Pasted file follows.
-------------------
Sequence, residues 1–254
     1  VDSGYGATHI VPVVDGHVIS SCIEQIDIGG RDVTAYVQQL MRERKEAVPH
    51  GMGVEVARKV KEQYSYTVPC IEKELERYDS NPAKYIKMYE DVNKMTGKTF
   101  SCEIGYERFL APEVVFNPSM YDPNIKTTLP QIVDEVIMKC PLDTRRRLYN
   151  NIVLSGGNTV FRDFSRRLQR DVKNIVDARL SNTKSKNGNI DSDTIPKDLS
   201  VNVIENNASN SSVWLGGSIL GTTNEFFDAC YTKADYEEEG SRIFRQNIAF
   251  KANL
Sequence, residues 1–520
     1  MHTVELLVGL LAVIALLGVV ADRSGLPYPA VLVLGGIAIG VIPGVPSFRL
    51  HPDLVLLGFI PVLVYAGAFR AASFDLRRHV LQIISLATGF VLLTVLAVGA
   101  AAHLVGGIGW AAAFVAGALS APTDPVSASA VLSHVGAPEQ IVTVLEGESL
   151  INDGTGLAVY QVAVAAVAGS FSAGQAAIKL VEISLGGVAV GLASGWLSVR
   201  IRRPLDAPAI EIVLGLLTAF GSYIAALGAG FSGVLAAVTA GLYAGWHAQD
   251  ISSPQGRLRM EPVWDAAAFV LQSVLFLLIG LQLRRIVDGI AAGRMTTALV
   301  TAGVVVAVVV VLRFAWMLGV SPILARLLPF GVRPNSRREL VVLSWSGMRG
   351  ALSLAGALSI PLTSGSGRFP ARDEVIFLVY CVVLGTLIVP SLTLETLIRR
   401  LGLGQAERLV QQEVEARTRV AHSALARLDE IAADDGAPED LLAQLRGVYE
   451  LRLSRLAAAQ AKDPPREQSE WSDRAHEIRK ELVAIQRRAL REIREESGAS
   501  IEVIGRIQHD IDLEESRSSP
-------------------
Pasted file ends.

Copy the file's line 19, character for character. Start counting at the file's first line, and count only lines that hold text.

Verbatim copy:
   501  IEVIGRIQHD IDLEESRSSP